We are independent & ad-supported. We may earn a commission for purchases made through our links.
Advertiser Disclosure
Our website is an independent, advertising-supported platform. We provide our content free of charge to our readers, and to keep it that way, we rely on revenue generated through advertisements and affiliate partnerships. This means that when you click on certain links on our site and make a purchase, we may earn a commission. Learn more.
How We Make Money
We sustain our operations through affiliate commissions and advertising. If you click on an affiliate link and make a purchase, we may receive a commission from the merchant at no additional cost to you. We also display advertisements on our website, which help generate revenue to support our work and keep our content free for readers. Our editorial team operates independently of our advertising and affiliate partnerships to ensure that our content remains unbiased and focused on providing you with the best information and recommendations based on thorough research and honest evaluations. To remain transparent, we’ve provided a list of our current affiliate partners here.

What is Vacuum Casting?

By Jeremy Laukkonen
Updated May 17, 2024
Our promise to you
WiseGeek is dedicated to creating trustworthy, high-quality content that always prioritizes transparency, integrity, and inclusivity above all else. Our ensure that our content creation and review process includes rigorous fact-checking, evidence-based, and continual updates to ensure accuracy and reliability.

Our Promise to you

Founded in 2002, our company has been a trusted resource for readers seeking informative and engaging content. Our dedication to quality remains unwavering—and will never change. We follow a strict editorial policy, ensuring that our content is authored by highly qualified professionals and edited by subject matter experts. This guarantees that everything we publish is objective, accurate, and trustworthy.

Over the years, we've refined our approach to cover a wide range of topics, providing readers with reliable and practical advice to enhance their knowledge and skills. That's why millions of readers turn to us each year. Join us in celebrating the joy of learning, guided by standards you can trust.

Editorial Standards

At WiseGeek, we are committed to creating content that you can trust. Our editorial process is designed to ensure that every piece of content we publish is accurate, reliable, and informative.

Our team of experienced writers and editors follows a strict set of guidelines to ensure the highest quality content. We conduct thorough research, fact-check all information, and rely on credible sources to back up our claims. Our content is reviewed by subject-matter experts to ensure accuracy and clarity.

We believe in transparency and maintain editorial independence from our advertisers. Our team does not receive direct compensation from advertisers, allowing us to create unbiased content that prioritizes your interests.

Vacuum casting is one of three main pouring methods that can be used to draw materials into molds. A number of benefits can be associated with vacuum casting, many of which make it well suited for work with both ferrous and nonferrous metals. The process typically involves drawing the molten metal up into a mold, which may result in less turbulence and prevent dross and other impurities from entering the final cast piece. Vacuum casting is often associated with a common variation of sand casting, and may also be used with elastomers.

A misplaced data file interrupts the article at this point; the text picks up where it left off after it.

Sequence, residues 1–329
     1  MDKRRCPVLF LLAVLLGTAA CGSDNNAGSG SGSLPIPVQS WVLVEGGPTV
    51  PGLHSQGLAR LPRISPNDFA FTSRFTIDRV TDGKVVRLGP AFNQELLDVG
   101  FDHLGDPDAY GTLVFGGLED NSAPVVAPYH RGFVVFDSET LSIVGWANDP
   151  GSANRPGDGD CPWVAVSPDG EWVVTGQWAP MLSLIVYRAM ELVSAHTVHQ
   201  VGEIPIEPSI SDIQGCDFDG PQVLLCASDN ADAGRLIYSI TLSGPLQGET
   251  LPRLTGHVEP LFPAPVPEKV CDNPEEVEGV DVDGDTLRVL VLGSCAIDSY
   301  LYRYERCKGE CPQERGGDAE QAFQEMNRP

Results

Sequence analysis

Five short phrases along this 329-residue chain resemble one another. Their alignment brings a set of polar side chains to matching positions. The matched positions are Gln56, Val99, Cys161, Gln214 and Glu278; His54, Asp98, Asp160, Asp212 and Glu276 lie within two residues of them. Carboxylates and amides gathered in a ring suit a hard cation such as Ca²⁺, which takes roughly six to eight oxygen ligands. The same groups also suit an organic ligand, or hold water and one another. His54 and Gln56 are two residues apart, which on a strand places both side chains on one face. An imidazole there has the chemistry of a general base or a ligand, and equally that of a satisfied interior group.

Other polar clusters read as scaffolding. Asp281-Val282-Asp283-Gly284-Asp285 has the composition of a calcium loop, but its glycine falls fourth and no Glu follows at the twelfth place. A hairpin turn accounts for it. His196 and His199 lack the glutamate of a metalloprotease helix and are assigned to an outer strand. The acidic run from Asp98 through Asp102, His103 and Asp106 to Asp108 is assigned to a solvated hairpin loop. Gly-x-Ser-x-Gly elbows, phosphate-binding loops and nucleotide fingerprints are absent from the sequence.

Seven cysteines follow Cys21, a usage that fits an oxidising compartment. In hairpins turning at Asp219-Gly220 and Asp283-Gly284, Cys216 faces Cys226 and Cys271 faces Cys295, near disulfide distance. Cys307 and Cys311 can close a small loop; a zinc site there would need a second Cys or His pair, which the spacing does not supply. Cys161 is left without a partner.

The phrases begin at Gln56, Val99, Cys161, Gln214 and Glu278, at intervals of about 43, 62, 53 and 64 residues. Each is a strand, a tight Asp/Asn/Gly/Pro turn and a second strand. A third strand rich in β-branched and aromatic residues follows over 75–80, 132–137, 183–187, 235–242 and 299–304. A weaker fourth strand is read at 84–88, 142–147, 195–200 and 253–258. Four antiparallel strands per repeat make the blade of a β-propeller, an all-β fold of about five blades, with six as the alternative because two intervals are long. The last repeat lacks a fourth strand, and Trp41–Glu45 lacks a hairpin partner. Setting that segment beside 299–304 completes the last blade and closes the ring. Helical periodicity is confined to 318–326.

Another name for vacuum casting is counter-gravity filling, since it typically involves drawing a material up into a mold rather than pouring it in from the top. Since the material is not poured or forced in using air pressure, there is typically very little turbulence associated with this method. This can allow the gating mechanisms to be less complex than in other types of casting, which may reduce overall costs.

The simplicity of the gating mechanism can also improve the efficiency of the method, since less metal tends to solidify on it. This may result in an efficiency increase of 50% or more. The final quality of the piece may also be higher, since lower turbulence can result in dross floating freely at the top of the vessel. As the molten material is drawn from underneath the pool surface, the dross will typically be left behind.

Sand vacuum casting is a variation that uses vacuum to form sand to a plastic mold, and it is often used with various types of metal. A thin piece of plastic is typically place on the mold, and then sand is drawn onto it with a vacuum. The sand contacts the plastic sheath rather than the mold itself, but takes on the form of the mold. Molten metal can then be drawn into contact with the sand, at which point it will take on the mold's shape. When the vacuum is removed, the sand will release the solidified metal and the mold can be used again.

Vacuum casting is also used for elastomers if other methods would result in air entrapment issues. This method typically uses a silicone mold that is placed inside a vacuum chamber. A liquid elastomer will then be degassed before being introduced to the mold. Vacuum can help ensure that the elastomer fills any detailed portions of the mold in addition to reducing the possibility of any air bubbles. After the mold has filled, the vacuum can be removed and the piece may be worked on further.

WiseGeek is dedicated to providing accurate and trustworthy information. We carefully select reputable sources and employ a rigorous fact-checking process to maintain the highest standards. To learn more about our commitment to accuracy, read our editorial process.
Discussion Comments
WiseGeek, in your inbox

Our latest articles, guides, and more, delivered daily.

WiseGeek, in your inbox

Our latest articles, guides, and more, delivered daily.